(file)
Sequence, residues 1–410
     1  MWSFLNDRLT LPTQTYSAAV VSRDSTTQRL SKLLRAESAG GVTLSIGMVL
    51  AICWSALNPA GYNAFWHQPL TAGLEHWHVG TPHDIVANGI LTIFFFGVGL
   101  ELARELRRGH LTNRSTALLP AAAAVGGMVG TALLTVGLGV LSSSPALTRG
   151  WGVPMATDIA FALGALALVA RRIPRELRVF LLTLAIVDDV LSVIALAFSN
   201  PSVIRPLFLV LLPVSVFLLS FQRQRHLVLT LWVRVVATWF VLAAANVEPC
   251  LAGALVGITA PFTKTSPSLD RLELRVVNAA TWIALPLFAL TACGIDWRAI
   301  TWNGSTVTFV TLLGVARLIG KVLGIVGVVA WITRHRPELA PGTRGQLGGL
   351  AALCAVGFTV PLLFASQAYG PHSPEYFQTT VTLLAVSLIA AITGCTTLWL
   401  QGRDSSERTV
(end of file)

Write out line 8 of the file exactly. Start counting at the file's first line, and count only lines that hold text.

   301  TWNGSTVTFV TLLGVARLIG KVLGIVGVVA WITRHRPELA PGTRGQLGGL